Critical Vulnerability in Realtek Devices Affects Millions of Devices

Critical Vulnerability in Realtek Devices Affects Millions of Devices

A critical vulnerability tracked as CVE-2022-27255 was reported to be affecting the network devices of Realtek’s SDK system.

The affected version includes Realtek’s SDK system affecting rtl819x-eCos-v0.x series and rtl819x-eCos-v1.x series. In Realtek eCos RSDK 1.5.7p1 and MSDK 4.9.4p1, the SIP ALG function that rewrites SDP data has a stack-based buffer overflow. This allows an attacker to remotely execute code without authentication via a crafted SIP packet that contains malicious SDP data. The vulnerability affects devices from several original equipment manufacturers, including routers and access points to signal repeaters. Threat actors exploiting the vulnerability could crash the targeted devices, execute arbitrary code, deliver and execute a backdoor for maintaining persistence on the victim’s machine and intercept and reroute network traffic.

Four researchers from Faraday Security has produced the proof-of-concept for the vulnerability and noted that CVE-2022-27255 is a zero-click vulnerability, suggesting that the exploitation of the vulnerability is silent and does not require any user interaction except an external IP address of the vulnerable device.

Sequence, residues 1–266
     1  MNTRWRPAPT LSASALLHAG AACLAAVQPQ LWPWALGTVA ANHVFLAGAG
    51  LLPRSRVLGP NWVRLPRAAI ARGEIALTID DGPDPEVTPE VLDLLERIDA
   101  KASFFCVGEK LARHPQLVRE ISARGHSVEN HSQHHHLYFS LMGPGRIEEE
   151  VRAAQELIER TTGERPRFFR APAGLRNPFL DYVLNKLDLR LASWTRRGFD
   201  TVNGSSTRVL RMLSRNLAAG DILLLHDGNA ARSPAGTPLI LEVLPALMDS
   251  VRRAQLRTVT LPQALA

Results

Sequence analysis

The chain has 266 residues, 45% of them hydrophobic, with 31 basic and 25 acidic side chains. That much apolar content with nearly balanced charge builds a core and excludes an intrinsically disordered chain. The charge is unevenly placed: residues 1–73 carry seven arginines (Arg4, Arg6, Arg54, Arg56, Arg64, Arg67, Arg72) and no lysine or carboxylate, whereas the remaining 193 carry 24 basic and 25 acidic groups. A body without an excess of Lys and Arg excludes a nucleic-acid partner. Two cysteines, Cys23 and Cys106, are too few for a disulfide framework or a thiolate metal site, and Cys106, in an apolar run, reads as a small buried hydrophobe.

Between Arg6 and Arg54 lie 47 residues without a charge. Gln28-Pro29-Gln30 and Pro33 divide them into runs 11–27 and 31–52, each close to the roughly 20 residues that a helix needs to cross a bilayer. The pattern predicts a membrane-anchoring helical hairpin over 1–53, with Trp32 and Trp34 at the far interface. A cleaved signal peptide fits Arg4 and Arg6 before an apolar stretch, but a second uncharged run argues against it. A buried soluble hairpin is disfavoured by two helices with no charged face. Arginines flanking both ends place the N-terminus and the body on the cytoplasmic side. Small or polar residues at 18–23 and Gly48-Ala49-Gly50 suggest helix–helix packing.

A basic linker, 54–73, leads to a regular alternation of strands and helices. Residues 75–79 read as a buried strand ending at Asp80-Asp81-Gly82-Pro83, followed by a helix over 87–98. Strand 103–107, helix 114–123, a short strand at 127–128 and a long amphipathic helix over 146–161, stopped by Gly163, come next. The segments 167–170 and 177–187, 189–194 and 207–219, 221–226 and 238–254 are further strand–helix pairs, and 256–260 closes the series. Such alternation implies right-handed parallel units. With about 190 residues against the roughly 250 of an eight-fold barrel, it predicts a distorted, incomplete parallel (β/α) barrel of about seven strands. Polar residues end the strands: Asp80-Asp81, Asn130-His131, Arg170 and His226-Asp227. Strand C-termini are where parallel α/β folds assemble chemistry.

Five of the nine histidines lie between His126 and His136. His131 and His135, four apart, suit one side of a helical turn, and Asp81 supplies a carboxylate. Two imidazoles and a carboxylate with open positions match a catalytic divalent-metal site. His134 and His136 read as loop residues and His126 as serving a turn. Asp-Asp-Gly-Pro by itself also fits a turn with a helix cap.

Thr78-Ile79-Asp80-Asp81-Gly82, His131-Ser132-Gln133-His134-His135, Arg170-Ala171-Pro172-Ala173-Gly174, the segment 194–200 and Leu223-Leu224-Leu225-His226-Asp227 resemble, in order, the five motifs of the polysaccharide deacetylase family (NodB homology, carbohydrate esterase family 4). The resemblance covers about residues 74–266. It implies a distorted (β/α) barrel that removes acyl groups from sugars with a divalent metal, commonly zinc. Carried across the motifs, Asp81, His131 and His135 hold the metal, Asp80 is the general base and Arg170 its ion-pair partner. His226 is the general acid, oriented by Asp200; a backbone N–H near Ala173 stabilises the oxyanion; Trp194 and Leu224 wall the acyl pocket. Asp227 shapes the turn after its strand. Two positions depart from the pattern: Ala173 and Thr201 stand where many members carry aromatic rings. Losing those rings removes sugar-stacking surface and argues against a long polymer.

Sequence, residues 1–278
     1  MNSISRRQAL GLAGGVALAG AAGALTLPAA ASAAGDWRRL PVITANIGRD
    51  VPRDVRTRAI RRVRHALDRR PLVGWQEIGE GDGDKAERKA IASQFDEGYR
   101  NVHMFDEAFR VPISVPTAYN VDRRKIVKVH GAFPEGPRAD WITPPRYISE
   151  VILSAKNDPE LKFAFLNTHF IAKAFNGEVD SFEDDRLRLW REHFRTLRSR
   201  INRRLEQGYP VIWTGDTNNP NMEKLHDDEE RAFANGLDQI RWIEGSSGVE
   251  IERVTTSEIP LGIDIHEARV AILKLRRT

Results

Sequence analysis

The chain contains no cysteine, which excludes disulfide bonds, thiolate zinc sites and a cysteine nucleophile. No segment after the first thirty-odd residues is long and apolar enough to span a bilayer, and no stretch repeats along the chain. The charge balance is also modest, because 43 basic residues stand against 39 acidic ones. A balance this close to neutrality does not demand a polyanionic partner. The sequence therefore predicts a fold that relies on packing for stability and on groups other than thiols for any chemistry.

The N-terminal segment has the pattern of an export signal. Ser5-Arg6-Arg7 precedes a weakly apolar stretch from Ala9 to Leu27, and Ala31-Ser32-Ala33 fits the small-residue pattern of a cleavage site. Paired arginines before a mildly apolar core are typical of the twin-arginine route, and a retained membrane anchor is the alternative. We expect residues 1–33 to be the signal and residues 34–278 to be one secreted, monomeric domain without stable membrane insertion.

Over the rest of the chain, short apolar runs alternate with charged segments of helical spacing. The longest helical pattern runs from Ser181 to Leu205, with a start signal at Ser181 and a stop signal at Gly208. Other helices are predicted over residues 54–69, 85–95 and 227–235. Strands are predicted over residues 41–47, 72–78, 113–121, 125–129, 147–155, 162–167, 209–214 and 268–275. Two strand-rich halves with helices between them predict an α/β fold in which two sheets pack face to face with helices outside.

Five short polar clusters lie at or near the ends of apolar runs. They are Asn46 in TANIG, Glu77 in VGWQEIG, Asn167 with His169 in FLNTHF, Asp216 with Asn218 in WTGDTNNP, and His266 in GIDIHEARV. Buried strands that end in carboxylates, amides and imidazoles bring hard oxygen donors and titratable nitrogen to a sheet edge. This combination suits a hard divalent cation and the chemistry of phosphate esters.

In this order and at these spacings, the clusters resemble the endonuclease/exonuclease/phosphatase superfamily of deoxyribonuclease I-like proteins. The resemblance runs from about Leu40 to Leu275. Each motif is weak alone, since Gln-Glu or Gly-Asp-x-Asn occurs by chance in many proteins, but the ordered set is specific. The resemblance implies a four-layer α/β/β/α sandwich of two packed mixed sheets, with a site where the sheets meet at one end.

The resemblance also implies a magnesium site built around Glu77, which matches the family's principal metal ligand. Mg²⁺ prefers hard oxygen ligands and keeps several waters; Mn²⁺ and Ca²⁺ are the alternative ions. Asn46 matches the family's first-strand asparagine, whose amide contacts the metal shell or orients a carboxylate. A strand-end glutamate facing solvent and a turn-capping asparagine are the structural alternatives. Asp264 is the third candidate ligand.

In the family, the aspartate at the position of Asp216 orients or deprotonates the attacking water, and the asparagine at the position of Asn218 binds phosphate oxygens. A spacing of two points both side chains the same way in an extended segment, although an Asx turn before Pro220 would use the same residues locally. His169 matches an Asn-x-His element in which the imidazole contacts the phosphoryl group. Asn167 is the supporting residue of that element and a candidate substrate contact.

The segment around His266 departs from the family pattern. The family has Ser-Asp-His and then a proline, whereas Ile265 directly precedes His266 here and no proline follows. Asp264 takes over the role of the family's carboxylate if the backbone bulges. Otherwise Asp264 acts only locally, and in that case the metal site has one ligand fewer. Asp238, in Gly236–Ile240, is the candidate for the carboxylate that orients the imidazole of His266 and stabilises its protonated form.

Even though, Realtek addressed the issue in March it stills affects millions of devices including rtl819x-eCos-v0.x series and rtl819x-eCos-v1.x series and that it could be exploited through a WAN interface.

“Despite a patch being available since March the vulnerability affects “many (millions) of devices” and that a fix is unlikely to propagate to all devices. This is because multiple vendors use the vulnerable Realtek SDK for equipment based on RTL819x SoCs and many of them have yet to release a firmware update. It is unclear how many networking devices use RTL819x chips but the RTL819xD version of the SoC was present in products from more than 60 vendors. Among them ASUSTek, Belkin, Buffalo, D-Link, Edimax, TRENDnet, and Zyxel.” Said Johannes Ullrich, Dean of Research at SANS


Users are recommended to check their networking equipment against the vulnerability and install a firmware update if available. The organizations can also try to block the unsolicited UDP request.



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